The Mariana Islands (also the Marianas; up to the early 20th century sometimes called Islas de los Ladrones meaning "Islands of Thieves") are a group of islands made up by the summits of 15 volcanic mountains in the western Pacific Ocean.
They are the southern part of a seamount range that goes on for 1,565 miles (2,519 km) from Guam to near Japan. The Marianas are the northernmost islands of a larger island group called Micronesia. The Marianas have a total land area of 396 square miles (1026 km²) and are composed of two administrative units:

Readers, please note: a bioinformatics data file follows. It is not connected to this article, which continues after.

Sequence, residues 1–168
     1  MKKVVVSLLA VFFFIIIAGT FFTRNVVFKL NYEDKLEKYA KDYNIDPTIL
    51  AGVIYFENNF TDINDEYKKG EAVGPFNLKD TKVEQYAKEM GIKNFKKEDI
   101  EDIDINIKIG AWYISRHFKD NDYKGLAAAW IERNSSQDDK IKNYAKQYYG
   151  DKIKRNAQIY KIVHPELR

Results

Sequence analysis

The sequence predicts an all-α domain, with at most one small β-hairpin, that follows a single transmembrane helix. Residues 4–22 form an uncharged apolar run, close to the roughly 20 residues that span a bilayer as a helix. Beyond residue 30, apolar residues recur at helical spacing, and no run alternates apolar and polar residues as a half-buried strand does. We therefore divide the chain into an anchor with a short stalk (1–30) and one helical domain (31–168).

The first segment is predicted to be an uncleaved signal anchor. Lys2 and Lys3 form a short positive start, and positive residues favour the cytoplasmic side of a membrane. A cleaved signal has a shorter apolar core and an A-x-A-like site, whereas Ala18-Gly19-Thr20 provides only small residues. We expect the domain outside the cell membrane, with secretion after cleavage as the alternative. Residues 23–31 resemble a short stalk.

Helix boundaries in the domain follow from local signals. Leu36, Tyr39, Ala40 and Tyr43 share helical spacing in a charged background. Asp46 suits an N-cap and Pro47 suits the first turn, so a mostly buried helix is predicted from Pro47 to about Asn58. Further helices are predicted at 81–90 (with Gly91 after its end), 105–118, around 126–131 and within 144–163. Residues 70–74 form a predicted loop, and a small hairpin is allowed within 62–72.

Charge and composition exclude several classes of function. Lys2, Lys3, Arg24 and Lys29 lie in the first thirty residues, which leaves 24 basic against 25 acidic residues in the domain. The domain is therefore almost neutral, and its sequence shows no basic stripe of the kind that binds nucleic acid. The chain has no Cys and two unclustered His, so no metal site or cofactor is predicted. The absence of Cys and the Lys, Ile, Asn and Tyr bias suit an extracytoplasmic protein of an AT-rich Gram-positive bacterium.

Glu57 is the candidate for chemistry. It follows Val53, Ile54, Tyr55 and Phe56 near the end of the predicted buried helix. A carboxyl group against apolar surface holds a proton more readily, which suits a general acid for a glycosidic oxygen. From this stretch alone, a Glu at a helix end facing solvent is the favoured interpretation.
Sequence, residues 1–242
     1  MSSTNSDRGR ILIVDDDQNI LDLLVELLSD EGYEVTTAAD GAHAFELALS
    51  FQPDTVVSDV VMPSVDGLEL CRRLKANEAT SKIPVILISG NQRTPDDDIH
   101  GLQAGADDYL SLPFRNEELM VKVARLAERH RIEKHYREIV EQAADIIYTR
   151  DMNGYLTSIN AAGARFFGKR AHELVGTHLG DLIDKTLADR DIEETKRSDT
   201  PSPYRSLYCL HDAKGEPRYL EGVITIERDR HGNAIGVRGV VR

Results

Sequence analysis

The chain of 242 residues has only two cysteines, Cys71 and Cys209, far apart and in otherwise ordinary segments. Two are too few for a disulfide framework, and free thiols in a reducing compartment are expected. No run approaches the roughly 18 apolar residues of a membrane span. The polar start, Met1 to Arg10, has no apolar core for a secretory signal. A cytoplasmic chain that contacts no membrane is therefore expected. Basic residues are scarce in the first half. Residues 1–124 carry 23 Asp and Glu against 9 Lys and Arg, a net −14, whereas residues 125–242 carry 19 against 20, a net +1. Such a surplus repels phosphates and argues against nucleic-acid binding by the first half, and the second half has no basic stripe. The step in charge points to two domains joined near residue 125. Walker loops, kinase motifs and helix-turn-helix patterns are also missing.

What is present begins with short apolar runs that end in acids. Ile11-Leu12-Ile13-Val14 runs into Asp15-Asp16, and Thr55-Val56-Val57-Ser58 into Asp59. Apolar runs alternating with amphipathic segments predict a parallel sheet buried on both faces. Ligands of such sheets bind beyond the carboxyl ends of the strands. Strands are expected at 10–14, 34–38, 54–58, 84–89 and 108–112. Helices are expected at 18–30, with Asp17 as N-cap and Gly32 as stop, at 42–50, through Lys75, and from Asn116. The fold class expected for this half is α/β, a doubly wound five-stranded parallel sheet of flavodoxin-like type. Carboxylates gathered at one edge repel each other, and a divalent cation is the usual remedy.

- Guam is a US territory
- the Northern Mariana Islands (including the islands of Saipan, Tinian and Rota) comprise a Commonwealth of the United States.
Images for kids
Ruins of Guma Taga on Tinian. The pillars/columns are called latte (pronounced læ'di) stones, a common architectural element of prehistoric structures in the Mariana Islands, upon which elevated buildings were built. Earthquakes had toppled the other latte at this site by the time this photo was taken; an earthquake in 1902 toppled the one seen on the left, and today only the one on the right remains standing.
Mariana Islands Facts for Kids. Kiddle Encyclopedia.